Kunduz was a fun one. I don’t remember you, but I hope you have a nice evening.”

She then continued walking toward the back again, where she slunk out of sight once more.

Karuniya took up Murati’s side again. “Friend of yours?” She asked.

“Acquaintance.” Murati replied, slightly defeated.

“Not everyone’s job is to keep up with your vast exploits, you know?”

Karuniya tried to comfort Murati, who turned her attention back to the podium.

While there were around twenty people in attendance, the chain of command extended only five people down: Captain, Commissar, First Office/Diver Leader, Security Chief and finally, the last rung in the chain climbed up to the podium. It was the Helmsman, a tall, dark-skinned, spindly young man with short, frizzy black hair. He had a pair of shaded sunglasses perched atop his broad nose.

Despite the audience, he was quite collected.

“You probably won’t ever need to talk to me much, but the good lady wants me to get up here, so I am. I’m Abdul Kamarik, the helmsman.” He shaped his hands into what seemed like it was supposed to be a boat. Or so Murati thought; really the gesture could have meant anything. The way he was rocking the figure he made with his fingers, Murati supposed it was a boat. “Like that. I’ve brought dozens of ships safely back to port over my career. So, just don’t sweat it. I’ve already got all the mission maps memorized.”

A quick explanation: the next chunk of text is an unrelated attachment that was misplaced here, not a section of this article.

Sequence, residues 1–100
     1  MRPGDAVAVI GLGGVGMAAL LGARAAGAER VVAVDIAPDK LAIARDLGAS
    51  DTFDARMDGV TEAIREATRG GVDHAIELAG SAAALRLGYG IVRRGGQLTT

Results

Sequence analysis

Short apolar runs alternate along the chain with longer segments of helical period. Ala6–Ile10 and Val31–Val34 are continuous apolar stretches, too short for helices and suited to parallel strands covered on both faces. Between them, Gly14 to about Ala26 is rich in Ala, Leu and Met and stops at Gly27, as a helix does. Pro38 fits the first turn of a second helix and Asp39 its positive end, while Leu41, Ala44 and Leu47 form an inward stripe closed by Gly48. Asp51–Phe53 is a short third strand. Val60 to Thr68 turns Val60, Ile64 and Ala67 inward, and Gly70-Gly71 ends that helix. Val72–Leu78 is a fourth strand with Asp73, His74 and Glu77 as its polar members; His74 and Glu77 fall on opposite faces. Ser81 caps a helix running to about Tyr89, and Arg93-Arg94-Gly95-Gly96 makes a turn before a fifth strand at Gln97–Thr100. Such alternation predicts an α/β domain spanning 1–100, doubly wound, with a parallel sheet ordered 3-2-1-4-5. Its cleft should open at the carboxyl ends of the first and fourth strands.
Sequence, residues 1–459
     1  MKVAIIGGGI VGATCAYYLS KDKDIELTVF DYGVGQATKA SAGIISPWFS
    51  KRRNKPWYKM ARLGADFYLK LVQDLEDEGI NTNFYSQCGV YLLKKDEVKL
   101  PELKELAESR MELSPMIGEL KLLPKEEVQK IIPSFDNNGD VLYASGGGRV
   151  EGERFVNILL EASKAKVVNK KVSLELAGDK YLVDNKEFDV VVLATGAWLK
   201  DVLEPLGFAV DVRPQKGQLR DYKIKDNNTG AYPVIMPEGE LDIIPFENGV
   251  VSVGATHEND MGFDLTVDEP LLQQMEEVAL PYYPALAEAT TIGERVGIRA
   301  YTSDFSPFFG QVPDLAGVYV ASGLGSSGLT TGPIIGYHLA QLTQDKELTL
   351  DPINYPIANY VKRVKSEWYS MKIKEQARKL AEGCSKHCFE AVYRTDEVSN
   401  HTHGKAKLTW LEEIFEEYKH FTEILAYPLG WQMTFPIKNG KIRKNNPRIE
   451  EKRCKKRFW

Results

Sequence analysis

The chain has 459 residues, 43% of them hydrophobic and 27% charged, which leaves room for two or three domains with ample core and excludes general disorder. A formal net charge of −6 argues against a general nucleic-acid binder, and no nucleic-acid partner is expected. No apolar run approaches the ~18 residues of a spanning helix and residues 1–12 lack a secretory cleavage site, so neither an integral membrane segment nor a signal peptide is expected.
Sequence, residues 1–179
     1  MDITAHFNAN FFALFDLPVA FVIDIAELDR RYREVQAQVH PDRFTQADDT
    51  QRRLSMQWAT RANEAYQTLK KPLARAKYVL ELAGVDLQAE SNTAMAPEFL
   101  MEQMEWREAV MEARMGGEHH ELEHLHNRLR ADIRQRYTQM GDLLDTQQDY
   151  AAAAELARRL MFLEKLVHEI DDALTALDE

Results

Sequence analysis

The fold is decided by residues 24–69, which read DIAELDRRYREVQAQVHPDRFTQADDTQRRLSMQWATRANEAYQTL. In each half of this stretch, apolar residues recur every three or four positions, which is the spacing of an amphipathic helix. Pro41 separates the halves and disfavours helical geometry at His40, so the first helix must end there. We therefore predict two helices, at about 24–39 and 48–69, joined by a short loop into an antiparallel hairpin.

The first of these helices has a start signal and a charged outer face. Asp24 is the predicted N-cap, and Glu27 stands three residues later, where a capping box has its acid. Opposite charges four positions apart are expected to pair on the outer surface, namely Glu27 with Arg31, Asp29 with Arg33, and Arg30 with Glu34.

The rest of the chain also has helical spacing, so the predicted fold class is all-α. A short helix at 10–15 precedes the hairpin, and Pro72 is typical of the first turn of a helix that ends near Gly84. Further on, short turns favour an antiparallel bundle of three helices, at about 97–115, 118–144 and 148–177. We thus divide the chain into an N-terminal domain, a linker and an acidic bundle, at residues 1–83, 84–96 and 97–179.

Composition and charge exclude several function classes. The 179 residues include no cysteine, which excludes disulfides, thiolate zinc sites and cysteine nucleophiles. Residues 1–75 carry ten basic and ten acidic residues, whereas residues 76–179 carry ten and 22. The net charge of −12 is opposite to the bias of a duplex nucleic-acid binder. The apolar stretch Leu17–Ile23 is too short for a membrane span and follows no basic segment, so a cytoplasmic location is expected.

He spread his arms, bowed, and walked off the podium.

Nagavanshi took the podium again to address the audience.

“We will depart as soon as possible. I recommend you all make any needed arrangements in the next few days. I have done everything I can to give you a ship, crew, and equipment for your success. In the end, however, your choices will decide the fate of this ship. I believe in you, so be confident.”

On that enigmatic note, Nagavanshi left the podium herself and adjourned the meeting.

There was an eerie silence. Perhaps everyone, like Murati, felt that things were moving too fast. This may well have been par the course for the new era they were entering. After all, Thassal had come under attack from imperial forces very suddenly, so suddenly that it felt surreal. And the distance that Murati now felt from that event, as she proceeded to move on to the next stage of her life, and the next battlefield– nothing was more surreal than that. As she watched the people file out in a nervous confusion, it was the presence of Karuniya beside her that provided comfort.

“I think, despite everything, this might be destiny for us.” Karuniya said.

“Destiny?”

“It might not be materialist, but it’s what I’m thinking. After all, if we had stayed in Thassal, it’s not like we were going to have an idyllic married life for too long. You said it yourself to me: our war with the Empire is inevitable. With this though– it feels like I’m doing something.”

“Taking matters into our own hands.” Murati said.

Karuniya smiled at her.

“It’s better than trying to pretend like nothing has happened.”

Murati knew she was correct.